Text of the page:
COLLEGE PARK, MD –
Self-control is one of the greatest determinants of destiny.
Without it we can’t achieve anything – material or immaterial. But it is so hard to exhibit.
We’ve previously touched on one key of self-control: learning to love what is good for us and hate what is bad for us.
That is a very manual process, however. It is extremely labor intensive – requiring constant vigilance and decision making.
Let’s be honest, it is tiring.
Balancing this effort with a more automated process gives us the best chance at remaining true to our values.
Automation is all the rage in our day and age. We automate jobs, cars, marketing, cooking, and an endless list of other pursuits.
Why not automate our efforts at self-control? We are weak human beings, we have a limited reservoir of energy. Self-control requires energy.
So if at every turn we are having to employ energy to avoid engaging in incorrect behavior, soon we will be out of energy and be left defenseless against vice.
For sure, we have to engage in this manual struggle. But to avoid burnout and subsequent failure, we need to balance our efforts with some automation.
The way to automate our self-control efforts is by engaging in good deeds, fostering good thoughts, and receiving good with grace.
We give with goodness, take with goodness, and think good thoughts. That takes manual labor. It leads to and is balanced by automated, exponential self-control.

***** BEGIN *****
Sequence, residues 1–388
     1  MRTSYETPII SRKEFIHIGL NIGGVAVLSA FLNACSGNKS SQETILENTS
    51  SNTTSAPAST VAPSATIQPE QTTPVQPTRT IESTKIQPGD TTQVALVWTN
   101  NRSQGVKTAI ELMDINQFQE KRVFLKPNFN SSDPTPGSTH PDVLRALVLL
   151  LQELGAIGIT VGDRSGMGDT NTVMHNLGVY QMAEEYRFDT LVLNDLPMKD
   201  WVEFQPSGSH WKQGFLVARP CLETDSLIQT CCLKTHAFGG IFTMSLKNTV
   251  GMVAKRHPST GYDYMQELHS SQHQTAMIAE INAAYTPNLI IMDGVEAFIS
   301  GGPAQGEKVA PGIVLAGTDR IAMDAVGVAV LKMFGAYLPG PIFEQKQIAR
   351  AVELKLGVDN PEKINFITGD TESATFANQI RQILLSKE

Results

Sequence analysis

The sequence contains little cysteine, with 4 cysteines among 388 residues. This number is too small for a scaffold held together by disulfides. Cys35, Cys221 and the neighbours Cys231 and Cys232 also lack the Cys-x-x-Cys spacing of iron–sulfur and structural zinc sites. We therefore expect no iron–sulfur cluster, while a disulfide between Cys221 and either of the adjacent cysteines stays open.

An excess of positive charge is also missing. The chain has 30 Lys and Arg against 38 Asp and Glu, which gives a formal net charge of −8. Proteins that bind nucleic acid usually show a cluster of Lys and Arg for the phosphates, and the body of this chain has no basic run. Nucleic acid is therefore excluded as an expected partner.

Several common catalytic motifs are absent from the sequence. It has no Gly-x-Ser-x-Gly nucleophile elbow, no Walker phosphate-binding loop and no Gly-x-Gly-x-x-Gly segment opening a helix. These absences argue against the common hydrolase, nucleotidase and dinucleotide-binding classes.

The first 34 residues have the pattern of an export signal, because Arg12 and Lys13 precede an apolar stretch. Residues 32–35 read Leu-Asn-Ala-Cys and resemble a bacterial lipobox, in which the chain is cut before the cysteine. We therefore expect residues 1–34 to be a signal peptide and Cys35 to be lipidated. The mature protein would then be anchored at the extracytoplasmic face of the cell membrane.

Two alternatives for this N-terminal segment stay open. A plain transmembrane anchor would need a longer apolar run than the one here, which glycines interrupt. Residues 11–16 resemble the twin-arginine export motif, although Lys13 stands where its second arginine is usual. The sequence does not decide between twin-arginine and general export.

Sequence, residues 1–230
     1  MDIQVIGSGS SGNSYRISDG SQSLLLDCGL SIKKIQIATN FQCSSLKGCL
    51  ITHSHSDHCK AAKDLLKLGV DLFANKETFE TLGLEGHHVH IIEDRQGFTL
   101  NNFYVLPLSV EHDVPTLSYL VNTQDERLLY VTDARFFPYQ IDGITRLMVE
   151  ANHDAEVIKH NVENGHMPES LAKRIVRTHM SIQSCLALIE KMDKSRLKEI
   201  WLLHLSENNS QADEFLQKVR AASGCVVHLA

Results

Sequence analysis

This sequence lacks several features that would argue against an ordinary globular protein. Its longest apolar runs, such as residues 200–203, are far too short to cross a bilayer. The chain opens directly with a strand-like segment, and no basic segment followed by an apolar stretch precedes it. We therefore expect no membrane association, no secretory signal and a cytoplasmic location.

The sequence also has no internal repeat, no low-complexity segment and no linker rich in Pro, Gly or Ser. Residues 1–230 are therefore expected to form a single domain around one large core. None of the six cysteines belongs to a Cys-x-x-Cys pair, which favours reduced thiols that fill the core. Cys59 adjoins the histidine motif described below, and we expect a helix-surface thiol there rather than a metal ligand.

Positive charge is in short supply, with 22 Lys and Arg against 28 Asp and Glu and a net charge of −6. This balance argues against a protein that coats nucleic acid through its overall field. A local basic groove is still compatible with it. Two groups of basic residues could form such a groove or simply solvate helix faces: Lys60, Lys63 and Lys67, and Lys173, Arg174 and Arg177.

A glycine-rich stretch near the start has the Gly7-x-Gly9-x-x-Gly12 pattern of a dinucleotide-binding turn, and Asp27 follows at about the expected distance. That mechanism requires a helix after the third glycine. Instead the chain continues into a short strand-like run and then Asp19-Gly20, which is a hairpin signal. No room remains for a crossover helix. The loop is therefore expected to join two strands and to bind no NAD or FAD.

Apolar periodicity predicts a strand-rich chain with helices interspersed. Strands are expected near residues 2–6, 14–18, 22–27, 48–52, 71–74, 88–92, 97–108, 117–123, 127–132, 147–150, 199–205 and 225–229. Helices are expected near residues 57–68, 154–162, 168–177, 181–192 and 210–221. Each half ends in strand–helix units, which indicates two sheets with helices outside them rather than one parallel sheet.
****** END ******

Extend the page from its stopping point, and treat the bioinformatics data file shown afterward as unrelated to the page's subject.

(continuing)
If we fight ourselves to not speak ill of someone else, our best outcome is to succeed in not speaking ill of him or her. That’s great, but it stops there and we’ll have depleted finite energy to make the next decision with.
Conversely, if we use that energy to quiet our selves and replace the negative thought about the person with a positive thought, we will not keep ruminating on the negative trait we see in them.
At that point we won’t have to keep employing our energy on the same fight against slandering that person. The energy we put into fighting our negative thoughts against him or her will automate that process.
We will be free from the clutches of the obsession with that person’s negative trait and be able to use our energy to fend off other issues we need to clean up in our lives.
In the same vein, we can try and stay away from sweets by sheer self-control alone. That is, again, an unnecessary waste of finite energy – even if we succeed.
Being active throughout the day, perhaps taking a walk, and appreciating the healthy physical state we enjoy from such activities will make it almost second nature to avoid the sweets. We won’t want them.
That energy can be used in more productive places than the same battle over and over again.
It takes a lot of effort to automate our self-control, but the result is exponential.
We put the effort in anyway, let’s get wiser about how we employ it and start letting it work for us.